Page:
Navigating regulatory compliance poses a significant challenge, particularly for SMEs within the food and drink manufacturing industry. While regulations are of course crucial for ensuring safety, quality, and sustainability, excessive red tape can block operational efficiency and hinder growth. Small businesses often find themselves disproportionately burdened by compliance costs and administrative complexities. Streamlining regulations, simplifying reporting requirements, and offering clearer guidance tailored to SMEs next year would go a long way to alleviating these burdens. Creating a framework that strikes a balance between maintaining necessary standards and reducing administrative complexities would enhance productivity and competitiveness within the sector.

Tackling late payments

Late payments are a persistent challenge for businesses in the food and drink manufacturing sector, adversely impacting their cash flow and financial stability. While the Government announced an update to the Procurement Act to make sure 30-day payment terms are extended to all subcontractor invoices within the supply chain for public sector contracts, no such announcement was made for the private sector. The issue of delayed payments, especially in business-to-business transactions, places undue pressure on smaller enterprises to manage their working capital effectively. Enforcing stricter penalties for delayed payments or establishing transparent reporting mechanisms could be possible measures to tackle late payments from a policy perspective. Just like large businesses must report their gender pay gap, for example, perhaps there should be increased reporting and transparency on creditor payments. Addressing this issue is fundamental in safeguarding the financial health and sustainability of smaller businesses.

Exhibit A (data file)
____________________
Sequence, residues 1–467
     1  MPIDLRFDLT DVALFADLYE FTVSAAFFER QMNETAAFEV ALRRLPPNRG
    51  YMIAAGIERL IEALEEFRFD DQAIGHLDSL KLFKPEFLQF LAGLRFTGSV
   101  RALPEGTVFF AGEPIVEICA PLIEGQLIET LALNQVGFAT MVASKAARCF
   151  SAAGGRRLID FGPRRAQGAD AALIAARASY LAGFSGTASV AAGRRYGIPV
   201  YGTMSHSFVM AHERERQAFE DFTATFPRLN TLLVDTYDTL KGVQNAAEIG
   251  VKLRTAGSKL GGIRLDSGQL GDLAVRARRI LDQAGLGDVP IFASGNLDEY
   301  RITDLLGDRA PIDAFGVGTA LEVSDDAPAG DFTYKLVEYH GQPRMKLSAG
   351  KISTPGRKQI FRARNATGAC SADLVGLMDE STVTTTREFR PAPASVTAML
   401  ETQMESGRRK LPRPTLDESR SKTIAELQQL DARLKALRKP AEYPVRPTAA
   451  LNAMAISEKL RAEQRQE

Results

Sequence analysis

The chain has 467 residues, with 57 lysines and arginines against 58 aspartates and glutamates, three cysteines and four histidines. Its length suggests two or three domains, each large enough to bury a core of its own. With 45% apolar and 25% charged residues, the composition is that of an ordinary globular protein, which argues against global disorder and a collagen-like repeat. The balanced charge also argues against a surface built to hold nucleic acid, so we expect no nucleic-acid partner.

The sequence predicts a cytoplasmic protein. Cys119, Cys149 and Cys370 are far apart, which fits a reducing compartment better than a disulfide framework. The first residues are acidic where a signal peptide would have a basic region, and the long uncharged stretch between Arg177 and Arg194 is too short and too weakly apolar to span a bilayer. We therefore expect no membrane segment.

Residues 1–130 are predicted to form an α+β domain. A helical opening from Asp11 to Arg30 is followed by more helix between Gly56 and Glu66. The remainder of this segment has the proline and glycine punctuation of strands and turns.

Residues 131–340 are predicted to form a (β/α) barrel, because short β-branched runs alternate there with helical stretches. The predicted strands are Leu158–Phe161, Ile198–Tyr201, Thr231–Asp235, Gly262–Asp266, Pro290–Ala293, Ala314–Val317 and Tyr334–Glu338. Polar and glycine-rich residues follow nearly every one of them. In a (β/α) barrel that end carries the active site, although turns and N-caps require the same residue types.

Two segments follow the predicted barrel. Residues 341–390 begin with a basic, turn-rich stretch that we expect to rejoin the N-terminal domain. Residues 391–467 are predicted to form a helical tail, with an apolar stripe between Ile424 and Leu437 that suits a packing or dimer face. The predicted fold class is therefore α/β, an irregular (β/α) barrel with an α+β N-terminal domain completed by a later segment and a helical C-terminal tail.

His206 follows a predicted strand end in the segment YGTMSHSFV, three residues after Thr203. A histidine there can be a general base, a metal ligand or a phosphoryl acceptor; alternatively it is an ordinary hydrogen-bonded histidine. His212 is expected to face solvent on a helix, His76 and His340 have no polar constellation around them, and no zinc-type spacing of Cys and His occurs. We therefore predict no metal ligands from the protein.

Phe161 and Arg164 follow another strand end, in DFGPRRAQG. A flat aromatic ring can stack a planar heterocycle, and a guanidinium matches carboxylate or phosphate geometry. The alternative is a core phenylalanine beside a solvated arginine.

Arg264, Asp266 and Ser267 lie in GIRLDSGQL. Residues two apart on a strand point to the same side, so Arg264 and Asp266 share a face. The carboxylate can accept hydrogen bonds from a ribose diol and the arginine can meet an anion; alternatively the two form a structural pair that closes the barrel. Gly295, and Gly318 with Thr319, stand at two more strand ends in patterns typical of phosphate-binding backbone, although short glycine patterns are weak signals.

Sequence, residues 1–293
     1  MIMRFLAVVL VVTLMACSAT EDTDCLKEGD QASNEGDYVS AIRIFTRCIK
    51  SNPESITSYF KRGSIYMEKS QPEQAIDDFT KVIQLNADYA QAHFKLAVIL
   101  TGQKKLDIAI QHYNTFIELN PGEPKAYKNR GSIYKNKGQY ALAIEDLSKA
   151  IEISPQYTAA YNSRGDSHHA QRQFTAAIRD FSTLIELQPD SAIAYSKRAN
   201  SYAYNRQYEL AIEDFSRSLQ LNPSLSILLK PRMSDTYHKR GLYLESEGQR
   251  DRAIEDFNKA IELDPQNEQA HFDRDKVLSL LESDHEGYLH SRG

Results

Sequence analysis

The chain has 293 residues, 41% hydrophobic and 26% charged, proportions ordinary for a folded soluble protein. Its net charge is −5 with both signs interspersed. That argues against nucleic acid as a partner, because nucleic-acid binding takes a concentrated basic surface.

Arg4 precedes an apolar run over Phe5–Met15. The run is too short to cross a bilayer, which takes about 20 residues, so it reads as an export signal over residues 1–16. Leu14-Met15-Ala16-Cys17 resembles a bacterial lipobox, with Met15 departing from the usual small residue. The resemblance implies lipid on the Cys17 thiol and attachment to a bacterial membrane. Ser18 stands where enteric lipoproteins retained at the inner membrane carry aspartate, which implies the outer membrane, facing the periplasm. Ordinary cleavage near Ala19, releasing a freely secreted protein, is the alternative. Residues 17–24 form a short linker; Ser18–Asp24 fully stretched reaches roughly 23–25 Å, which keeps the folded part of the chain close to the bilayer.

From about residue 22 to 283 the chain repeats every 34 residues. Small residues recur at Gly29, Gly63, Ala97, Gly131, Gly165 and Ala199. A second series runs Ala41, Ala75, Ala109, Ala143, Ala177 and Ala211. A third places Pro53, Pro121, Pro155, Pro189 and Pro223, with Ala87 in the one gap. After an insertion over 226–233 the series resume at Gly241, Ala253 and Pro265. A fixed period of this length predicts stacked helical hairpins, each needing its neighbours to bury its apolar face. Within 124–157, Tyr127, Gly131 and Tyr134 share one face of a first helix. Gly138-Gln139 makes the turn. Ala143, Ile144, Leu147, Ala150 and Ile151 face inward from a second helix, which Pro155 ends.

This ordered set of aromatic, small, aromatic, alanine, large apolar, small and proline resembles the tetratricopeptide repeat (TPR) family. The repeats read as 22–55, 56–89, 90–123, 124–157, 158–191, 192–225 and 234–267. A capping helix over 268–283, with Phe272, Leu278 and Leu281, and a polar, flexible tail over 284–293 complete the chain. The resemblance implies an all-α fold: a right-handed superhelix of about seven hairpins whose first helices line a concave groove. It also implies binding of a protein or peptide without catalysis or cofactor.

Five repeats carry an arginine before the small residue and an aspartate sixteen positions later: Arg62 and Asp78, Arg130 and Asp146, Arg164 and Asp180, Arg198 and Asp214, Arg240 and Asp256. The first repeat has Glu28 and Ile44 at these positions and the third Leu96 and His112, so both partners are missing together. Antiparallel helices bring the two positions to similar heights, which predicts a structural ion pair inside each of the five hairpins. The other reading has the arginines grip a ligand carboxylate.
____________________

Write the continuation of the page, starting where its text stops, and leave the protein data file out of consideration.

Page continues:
Overall, a comprehensive and nuanced approach to these challenges, integrating tax incentives, labour support, regulatory reforms, and measures to improve cash flow, is imperative for the health and continued prosperity of the sector. Tailored policies that fulfil the diverse needs of food and drink manufacturing businesses will not only foster growth and innovation but also fortify its resilience over the next year.

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    Posted in Blog, Manufacturing